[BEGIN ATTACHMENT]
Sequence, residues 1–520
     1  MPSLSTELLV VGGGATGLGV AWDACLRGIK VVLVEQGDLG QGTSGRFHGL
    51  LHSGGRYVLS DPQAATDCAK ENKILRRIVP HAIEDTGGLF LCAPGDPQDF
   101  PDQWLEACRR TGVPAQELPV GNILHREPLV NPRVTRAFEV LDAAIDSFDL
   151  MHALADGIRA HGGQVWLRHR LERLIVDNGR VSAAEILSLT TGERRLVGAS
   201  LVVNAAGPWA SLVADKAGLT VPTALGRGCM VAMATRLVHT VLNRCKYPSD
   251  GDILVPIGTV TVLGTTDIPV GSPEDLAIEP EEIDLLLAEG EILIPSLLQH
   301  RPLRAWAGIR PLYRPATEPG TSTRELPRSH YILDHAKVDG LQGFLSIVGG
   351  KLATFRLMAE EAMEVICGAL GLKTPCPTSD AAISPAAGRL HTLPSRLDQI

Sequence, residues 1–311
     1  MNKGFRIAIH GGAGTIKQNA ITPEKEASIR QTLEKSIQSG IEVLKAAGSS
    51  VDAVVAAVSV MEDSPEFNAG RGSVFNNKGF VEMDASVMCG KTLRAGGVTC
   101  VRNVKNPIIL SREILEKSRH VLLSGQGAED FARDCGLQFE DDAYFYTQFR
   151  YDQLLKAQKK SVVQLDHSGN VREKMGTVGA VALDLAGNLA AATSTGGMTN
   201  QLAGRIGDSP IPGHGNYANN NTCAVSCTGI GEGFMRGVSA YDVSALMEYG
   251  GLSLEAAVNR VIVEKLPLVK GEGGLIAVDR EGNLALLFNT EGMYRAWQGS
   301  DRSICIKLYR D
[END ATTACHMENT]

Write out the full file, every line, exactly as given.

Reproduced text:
Sequence, residues 1–520
     1  MPSLSTELLV VGGGATGLGV AWDACLRGIK VVLVEQGDLG QGTSGRFHGL
    51  LHSGGRYVLS DPQAATDCAK ENKILRRIVP HAIEDTGGLF LCAPGDPQDF
   101  PDQWLEACRR TGVPAQELPV GNILHREPLV NPRVTRAFEV LDAAIDSFDL
   151  MHALADGIRA HGGQVWLRHR LERLIVDNGR VSAAEILSLT TGERRLVGAS
   201  LVVNAAGPWA SLVADKAGLT VPTALGRGCM VAMATRLVHT VLNRCKYPSD
   251  GDILVPIGTV TVLGTTDIPV GSPEDLAIEP EEIDLLLAEG EILIPSLLQH
   301  RPLRAWAGIR PLYRPATEPG TSTRELPRSH YILDHAKVDG LQGFLSIVGG
   351  KLATFRLMAE EAMEVICGAL GLKTPCPTSD AAISPAAGRL HTLPSRLDQI

Sequence, residues 1–311
     1  MNKGFRIAIH GGAGTIKQNA ITPEKEASIR QTLEKSIQSG IEVLKAAGSS
    51  VDAVVAAVSV MEDSPEFNAG RGSVFNNKGF VEMDASVMCG KTLRAGGVTC
   101  VRNVKNPIIL SREILEKSRH VLLSGQGAED FARDCGLQFE DDAYFYTQFR
   151  YDQLLKAQKK SVVQLDHSGN VREKMGTVGA VALDLAGNLA AATSTGGMTN
   201  QLAGRIGDSP IPGHGNYANN NTCAVSCTGI GEGFMRGVSA YDVSALMEYG
   251  GLSLEAAVNR VIVEKLPLVK GEGGLIAVDR EGNLALLFNT EGMYRAWQGS
   301  DRSICIKLYR D